By Anton Riecher & Kathleen Calame
The search for the history behind the million dollar airport hangar purchases, as well as why and what to do with the hangers now, were topics of discussion at the July 12 meeting of the City of Devine’s Airport Advisory Board, who is also seeking advice from TxDOT Aviation on planning.
The former Mayor Cory Thompson and the prior Devine City Council decided to go ahead and declare imminent domain last year forcing the tenant to sell so the city could buy the airport hangars. The settlement was reached in February 2023 at a cost of $885,000. Overall Certificate of Deposits for $1 Million were obtained to buy several hangars with.
New Mayor Butch Cook, elected two months ago and the new city council now has to decide what is the best use for the large vacant hangars and what to charge for them.
In the quest for the who, what, where, why, when, and what do we do now–Cook insisted the council seek the opinion of Devine’s Airport Advisory Board members and TxDOT Aviation before taking action on leasing the hangars or making any changes.
To his surprise the City of Devine’s own airport advisory board’s opinion or advice had NOT been sought before the city’s decision to purchase the hangars which gave the city total control of the airport by moving out a tenant that was not in compliance.
Going forward, Mayor Cook wanted to involve the city’s airport advisory board, seeking out their knowledge and expertise in the industry, knowing all have used the airport and/or owned hangars there. Most board members have served on this board for many years.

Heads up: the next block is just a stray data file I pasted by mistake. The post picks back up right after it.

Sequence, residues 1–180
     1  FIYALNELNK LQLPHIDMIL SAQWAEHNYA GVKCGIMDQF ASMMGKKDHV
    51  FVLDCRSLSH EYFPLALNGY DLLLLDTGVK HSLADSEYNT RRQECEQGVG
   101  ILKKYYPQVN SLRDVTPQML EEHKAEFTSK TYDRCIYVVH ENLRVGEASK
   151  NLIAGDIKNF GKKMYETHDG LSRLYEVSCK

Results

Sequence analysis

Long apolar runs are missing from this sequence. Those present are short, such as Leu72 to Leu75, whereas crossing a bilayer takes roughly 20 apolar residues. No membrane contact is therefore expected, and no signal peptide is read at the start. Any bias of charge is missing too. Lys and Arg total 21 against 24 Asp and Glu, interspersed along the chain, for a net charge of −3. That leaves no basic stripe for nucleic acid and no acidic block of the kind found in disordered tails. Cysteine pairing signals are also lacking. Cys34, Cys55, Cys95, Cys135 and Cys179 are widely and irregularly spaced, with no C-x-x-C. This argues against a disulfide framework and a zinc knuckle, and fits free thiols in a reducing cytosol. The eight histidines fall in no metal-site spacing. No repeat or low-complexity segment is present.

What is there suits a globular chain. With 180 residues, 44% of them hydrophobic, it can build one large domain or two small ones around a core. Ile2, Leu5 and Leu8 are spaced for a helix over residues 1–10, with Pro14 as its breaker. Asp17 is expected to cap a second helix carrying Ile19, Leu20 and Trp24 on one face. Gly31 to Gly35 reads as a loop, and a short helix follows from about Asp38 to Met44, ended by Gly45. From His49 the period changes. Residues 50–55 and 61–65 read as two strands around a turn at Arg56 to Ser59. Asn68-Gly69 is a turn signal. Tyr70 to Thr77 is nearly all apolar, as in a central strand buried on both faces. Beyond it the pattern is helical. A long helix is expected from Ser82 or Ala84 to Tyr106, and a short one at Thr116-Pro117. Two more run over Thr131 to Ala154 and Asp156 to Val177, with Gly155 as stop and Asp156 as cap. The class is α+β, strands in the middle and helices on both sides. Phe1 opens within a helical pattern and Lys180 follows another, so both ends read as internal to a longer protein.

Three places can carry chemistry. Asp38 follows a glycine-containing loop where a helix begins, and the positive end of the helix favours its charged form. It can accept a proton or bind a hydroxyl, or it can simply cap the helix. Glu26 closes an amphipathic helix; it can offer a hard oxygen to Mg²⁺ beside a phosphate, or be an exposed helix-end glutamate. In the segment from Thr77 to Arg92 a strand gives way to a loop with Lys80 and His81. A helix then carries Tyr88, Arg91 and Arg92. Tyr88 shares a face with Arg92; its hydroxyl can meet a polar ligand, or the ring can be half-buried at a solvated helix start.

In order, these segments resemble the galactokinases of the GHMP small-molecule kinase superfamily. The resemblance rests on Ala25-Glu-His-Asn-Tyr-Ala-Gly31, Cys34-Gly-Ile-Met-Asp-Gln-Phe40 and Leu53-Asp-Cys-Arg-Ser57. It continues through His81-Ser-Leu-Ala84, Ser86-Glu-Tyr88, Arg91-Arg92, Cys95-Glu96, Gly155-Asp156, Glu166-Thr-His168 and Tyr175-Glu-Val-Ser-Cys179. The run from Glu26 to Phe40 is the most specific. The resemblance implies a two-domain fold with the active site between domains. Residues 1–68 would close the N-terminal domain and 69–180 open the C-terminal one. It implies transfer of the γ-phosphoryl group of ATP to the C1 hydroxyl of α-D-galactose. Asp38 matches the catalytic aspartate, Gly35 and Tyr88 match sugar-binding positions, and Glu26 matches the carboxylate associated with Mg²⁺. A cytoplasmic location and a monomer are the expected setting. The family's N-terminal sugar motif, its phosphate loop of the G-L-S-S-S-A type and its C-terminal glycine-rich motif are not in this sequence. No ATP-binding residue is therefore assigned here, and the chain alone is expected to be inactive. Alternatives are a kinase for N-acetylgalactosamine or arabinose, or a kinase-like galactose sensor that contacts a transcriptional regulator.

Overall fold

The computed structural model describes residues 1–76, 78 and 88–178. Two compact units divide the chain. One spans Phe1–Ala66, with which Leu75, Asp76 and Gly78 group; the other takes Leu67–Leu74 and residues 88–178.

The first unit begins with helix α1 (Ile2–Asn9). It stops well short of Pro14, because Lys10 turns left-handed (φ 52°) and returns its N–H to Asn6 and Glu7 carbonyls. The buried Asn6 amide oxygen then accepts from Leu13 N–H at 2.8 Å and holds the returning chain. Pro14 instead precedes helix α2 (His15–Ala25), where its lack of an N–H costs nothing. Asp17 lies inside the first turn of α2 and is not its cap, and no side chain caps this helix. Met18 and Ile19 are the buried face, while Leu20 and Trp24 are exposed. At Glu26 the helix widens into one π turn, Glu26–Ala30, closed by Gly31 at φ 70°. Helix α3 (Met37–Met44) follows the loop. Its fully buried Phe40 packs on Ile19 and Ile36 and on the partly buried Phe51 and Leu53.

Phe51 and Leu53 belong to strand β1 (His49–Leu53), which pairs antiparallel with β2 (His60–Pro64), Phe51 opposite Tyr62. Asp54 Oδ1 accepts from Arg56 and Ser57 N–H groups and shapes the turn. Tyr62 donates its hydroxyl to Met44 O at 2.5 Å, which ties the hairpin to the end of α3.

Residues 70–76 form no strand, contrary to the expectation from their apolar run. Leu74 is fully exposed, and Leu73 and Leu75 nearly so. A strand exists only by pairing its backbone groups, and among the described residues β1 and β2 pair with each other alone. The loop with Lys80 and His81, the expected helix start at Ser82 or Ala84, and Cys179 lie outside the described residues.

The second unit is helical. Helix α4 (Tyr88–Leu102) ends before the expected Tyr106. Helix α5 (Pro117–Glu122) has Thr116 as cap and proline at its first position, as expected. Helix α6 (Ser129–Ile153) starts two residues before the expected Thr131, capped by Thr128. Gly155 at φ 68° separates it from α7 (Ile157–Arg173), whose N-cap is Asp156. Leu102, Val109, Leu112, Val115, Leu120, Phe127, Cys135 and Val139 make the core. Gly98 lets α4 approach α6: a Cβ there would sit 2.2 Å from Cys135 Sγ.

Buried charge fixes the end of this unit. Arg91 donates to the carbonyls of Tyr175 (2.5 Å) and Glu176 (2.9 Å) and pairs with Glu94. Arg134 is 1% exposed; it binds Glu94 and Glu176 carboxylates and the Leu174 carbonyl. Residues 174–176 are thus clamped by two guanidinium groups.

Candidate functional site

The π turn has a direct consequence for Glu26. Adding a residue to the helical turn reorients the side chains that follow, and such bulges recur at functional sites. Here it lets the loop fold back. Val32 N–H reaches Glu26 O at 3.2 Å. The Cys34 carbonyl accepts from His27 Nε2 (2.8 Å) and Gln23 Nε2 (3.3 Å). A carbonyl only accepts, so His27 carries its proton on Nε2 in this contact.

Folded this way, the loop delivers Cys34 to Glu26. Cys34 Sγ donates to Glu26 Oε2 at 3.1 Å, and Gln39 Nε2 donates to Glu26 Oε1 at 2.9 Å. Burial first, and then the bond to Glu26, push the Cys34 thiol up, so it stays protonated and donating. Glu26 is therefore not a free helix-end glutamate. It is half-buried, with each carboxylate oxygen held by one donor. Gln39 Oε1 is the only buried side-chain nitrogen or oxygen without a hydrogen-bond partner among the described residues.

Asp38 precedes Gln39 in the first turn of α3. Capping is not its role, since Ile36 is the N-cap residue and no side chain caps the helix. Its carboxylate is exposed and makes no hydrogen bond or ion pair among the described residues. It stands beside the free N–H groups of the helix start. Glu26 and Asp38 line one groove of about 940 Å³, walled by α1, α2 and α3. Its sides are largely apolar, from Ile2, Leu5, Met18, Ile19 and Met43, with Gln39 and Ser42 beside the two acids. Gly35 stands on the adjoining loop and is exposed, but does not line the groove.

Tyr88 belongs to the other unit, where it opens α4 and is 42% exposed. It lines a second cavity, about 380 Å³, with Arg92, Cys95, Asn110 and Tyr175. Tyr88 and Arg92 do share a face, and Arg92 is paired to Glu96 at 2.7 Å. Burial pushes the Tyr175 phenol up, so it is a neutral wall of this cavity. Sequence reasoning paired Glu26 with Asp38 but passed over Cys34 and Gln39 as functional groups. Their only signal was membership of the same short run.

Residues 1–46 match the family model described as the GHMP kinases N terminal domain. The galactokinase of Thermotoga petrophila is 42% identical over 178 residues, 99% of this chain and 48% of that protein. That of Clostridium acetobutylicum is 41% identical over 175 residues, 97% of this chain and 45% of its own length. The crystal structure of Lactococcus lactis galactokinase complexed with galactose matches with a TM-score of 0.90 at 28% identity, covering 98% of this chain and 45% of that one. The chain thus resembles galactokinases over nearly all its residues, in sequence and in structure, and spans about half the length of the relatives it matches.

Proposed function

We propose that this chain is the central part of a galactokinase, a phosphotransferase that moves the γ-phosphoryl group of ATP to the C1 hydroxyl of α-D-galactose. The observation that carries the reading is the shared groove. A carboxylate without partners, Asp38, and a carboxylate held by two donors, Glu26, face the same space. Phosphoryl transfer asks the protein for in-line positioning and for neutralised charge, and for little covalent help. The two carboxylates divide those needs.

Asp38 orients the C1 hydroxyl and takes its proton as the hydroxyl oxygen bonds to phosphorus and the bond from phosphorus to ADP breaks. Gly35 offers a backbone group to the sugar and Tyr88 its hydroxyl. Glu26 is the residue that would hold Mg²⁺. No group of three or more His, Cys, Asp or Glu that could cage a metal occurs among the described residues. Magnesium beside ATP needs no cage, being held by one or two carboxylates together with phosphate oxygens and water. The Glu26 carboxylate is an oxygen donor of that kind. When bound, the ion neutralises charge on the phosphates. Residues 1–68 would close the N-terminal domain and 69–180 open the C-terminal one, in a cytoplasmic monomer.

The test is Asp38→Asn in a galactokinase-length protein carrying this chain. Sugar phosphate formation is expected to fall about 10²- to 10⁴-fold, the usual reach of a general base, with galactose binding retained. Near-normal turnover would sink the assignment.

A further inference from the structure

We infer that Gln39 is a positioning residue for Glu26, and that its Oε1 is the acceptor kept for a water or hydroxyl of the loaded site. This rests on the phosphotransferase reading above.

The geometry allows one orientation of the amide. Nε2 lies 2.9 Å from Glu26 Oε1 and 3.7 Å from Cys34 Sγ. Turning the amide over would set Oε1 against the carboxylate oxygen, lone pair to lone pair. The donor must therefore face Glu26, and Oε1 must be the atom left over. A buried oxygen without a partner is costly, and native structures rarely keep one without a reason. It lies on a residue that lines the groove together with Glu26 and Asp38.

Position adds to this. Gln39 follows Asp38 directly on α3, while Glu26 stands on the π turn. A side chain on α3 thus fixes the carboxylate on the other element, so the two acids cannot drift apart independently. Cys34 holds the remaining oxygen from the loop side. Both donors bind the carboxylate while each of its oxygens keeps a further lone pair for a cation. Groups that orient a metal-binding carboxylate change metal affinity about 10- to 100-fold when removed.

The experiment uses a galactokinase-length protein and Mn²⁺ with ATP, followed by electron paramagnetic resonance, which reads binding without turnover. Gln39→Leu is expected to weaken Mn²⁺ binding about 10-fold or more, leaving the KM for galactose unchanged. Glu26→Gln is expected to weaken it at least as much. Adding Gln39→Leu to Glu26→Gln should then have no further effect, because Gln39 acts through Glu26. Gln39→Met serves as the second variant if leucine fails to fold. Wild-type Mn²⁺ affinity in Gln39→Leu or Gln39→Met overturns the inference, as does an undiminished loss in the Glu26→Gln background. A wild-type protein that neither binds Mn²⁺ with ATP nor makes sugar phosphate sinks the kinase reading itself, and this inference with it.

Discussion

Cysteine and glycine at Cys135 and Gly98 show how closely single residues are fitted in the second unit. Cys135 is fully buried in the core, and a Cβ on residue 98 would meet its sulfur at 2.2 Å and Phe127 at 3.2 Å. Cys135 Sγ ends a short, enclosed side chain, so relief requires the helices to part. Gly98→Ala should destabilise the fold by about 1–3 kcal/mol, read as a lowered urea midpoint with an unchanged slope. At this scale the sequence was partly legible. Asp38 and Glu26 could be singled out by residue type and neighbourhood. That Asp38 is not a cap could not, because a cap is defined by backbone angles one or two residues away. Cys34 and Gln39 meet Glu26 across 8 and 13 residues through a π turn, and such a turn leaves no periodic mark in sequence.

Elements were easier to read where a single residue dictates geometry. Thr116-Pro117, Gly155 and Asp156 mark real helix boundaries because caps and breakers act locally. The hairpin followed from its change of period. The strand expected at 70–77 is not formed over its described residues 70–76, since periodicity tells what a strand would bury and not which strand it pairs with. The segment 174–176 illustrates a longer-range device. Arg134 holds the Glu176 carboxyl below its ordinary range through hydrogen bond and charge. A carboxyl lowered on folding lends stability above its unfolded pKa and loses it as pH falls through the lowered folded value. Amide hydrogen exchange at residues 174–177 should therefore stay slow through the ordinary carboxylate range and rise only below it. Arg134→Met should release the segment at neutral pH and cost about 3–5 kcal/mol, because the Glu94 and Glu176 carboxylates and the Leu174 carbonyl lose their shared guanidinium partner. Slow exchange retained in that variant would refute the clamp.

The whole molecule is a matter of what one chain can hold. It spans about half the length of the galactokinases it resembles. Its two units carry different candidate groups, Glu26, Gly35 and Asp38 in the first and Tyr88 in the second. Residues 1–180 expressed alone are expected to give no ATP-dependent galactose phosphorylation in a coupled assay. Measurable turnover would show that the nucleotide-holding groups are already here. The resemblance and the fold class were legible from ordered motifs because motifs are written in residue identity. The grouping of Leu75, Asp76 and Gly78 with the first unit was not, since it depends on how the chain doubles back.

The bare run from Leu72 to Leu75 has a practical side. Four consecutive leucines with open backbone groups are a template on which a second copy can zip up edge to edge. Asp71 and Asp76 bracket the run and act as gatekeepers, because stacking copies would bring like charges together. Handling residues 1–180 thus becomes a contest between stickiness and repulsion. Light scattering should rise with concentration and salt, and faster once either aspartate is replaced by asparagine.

So the July 12, 2023 meeting was planned with the Devine Airport Advisory Board and TxDOT Aviation officials and with city officials present.
Hap Squires opened the meeting at 2:02 pm then offered citizen comments, and no one was signed up to speak. Next, he then requested changes to the minutes of the prior month’s June 12, 2023 meeting.
“I have one minor change on the second page where it says ‘Squire says it seems to me that to develop long range plans for the city we need to have long-range plans for the city.’ …” That should read to develop long-range plans for the “airport” we need to have long-range plans for the city. It’s a minor change,” Squires requested.
Another Airport Advisory member Chris Yanta requested another change.
“On the fourth page the minutes talk about interim city administrator and board, I mean the Texas Aviation, wanted us to make sure that we were all in line with the grants. During this time a comment was made that all of the airports in Texas are owned by the city, it’s all the property on the airports. Then in the next paragraph it says Airport Manager Humphrey discussed that in most of the airports in the state, the hangars are owned by the city. I’ve got it on recording the way that actually went down. I can play it for the members here if I need to,” said Chris Yanta, Devine Airport Advisory Board Member.
“It was stated by the interim city administrator that the cities owned all of the airports,” he said.
“They then asked Vicki what are the amount of airports that have the deal?.. In Vicki’s response, she said about 50% of the airports in the state are private and have private hangers on them,” said Yanta.
“So I move that that be changed to read what was accurately said.”
The minutes were approved unanimously with the changes mentioned on a Bill Bain/ Greg Coyne motion.
Oath of Offices
Mayor Butch Cook administered the oath of offices to the entire Airport Advisory Board of The City of Devine:
Brian Crosey, Chris Yanta, Vicki Pumphrey, Hap Squires, Bill Bain and Greg Coyne.
Devine Airport Advisory Board President Hap Squires welcomed the two TxDOT representatives to the meeting.
“I want to welcome Daniel Benson and Jim Hailey from TxDOT who at our request have graciously put together a presentation giving us ideas on how we can best utilize our airport and how TxDOT can assist us,” said Hap Squires.